Umida Tadjieva is a businesswoman through and through. After completing her degree as a paediatrician she attained a Master’s degree in health management and in 2014 founded a company that now makes it possible for patients in Uzbekistan to have access to high-quality medical treatment in Germany. The company is also active on the international health market and trains staff from medical and other fields. Yet, as an entrepreneur she doesn’t only export patients and staff, she also ensures that medical expertise flows back into Uzbekistan. The Manager Training Programme helped support her in doing this.
Umida Tadjieva founded Medica GmbH in August 2014, and has continuously developed the company since then. Seven years later the company employs a dozen experts, who are dedicated to the goal of making it possible for Uzbek citizens to get medical treatment that is unavailable in their country. As a native of Tashkent, she also helps to generate possibilities in her own country: Consulting Uzbek health institutions and providing qualified training abroad for Uzbek doctors have become further core activities.
Germany is often used as a standard in Uzbekistan. “We have been cooperating with German companies from the start”, explains Tadjieva. “I know the German healthcare system well. I know how the German hospitals that we send our patients, doctors and medical students to operate. In Tashkent we regularly present German hospitals and clinics at the international healthcare exhibition TIHE.” The company also organises trips for Uzbek entrepreneurs from the healthcare sector to the international medicine trade fair MEDICA in Düsseldorf.
I have to go there!
Once the entrepreneur starts talking about the Manager Training Programme (MP), her eyes light up: “In the spring of 2017 the Uzbek Chamber of Industry and Commerce published a competition for participation in the MP. When I read that I knew: I have to go there! The programme was an opportunity for me. And a fantastic chance to share knowledge with internationally renowned experts in the fields of public health and health management.” At the RWTH Aachen training site Tadjieva met MP participants in the economy and health sectors from Russia, Belarus, Ukraine, Kirgizstan, Mongolia, India and Mexico. “We learned a lot”, remembers Tadjieva: “How to manage a company in accordance with European norms, or transact or lower expenses intelligently. We networked with German partners and with colleagues from our region of the world.”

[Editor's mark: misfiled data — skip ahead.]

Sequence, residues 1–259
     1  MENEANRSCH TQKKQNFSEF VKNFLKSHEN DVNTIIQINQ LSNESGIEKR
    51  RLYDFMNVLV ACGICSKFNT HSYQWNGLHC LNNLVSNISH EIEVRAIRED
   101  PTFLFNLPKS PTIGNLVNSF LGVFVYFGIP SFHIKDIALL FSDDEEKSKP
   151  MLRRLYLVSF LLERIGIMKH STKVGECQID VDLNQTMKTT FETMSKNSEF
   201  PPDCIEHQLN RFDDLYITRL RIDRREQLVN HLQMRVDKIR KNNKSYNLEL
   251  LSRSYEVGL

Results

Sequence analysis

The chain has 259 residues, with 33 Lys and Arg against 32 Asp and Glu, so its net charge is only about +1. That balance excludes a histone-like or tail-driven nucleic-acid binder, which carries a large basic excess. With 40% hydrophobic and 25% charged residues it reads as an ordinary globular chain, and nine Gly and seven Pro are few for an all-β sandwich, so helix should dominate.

A company in demand internationally
The manager returned to Tashkent with a number of concrete ideas and new expertise, rebranded her company and changed the employment procedures for new staff. In the summer of 2019 Medica won a bid for a matchmaking together with a German business partner, which was part of an export support programme headed by the Federal Ministry for Economic Affairs and Energy and the Federal Office of Economics and Export Control. Yet before the project could be realised, the plans were shut down by the covid pandemic. „We were to have completed the project in September 2020 with in-person negotiations, and tours of Uzbek hospitals, medical production site, etc.”, so Tadjieva. Instead, 80 bilateral talks with twelve German and over 60 Uzbek firms were held online. “They included both companies with more than 20 years of experience and who are among the biggest importers of medical products and technology, large hospitals and also young businesses who reacted with great flexibility to a changing health care market, especially during the pandemic”, remembers Tadjieva. “The meetings were both productive and fruitful. I hope that the companies will further expand their relationships with the German partners.”
Covid also demands more flexibility from the company
Because the company relied on international flights, the covid pandemic affected Medica as well. “Like the rest of the country, we were not prepared when the pandemic suddenly brought everything to a halt in early March 2020.” But Tadjieva knew what needed to be done: “Even during the complete lockdown we flew out emergency cases and patients with complex courses of disease for treatment. At the same time, we re-focused on the acute lack of doctors in Uzbekistan and acted as doctors from April to mid-October 2020. In addition, we contributed to various bids for the delivery of medical equipment. We closed the company office, but we maintained the cooperation with international doctors and experts for collaboration, especially as concerned the pandemic.”
Umida Tadjieva has now completely resumed normal business operations and looks back at the previous seven years with pride: A small company with five employees has now become Medica GmbH – with a strong team of twelve and five times the revenues. “We are continuing to develop and enter new markets, in our country as well. We are also about to realise two large projects. The company website treatment.uz is currently being revamped.” Then it is also to be in German in addition to Uzbek, Russian and English: „Most of our strategic partners are in Germany”, explains Tadjieva. Resting on her laurels is not an option for this Uzbek businesswoman: “I am constantly optimising something in the company. That’s what the market demands as well. Our great hope is medical consumer goods.” Then Medica would have a new pillar of medical products, with medical services being the other.
Photos: © Umida Tadjieva